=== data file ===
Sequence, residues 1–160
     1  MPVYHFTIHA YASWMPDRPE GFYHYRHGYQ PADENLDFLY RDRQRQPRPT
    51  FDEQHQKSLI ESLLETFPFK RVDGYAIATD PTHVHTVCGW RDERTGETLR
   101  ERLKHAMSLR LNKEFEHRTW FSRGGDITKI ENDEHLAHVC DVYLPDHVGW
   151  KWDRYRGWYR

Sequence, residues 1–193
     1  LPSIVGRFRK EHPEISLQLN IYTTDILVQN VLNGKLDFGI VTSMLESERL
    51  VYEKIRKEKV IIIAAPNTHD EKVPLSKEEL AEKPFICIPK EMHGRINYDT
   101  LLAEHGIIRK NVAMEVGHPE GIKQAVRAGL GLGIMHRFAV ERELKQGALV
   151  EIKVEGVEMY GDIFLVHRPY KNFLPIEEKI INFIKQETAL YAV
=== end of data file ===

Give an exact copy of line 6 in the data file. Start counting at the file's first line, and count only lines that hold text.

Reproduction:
Sequence, residues 1–193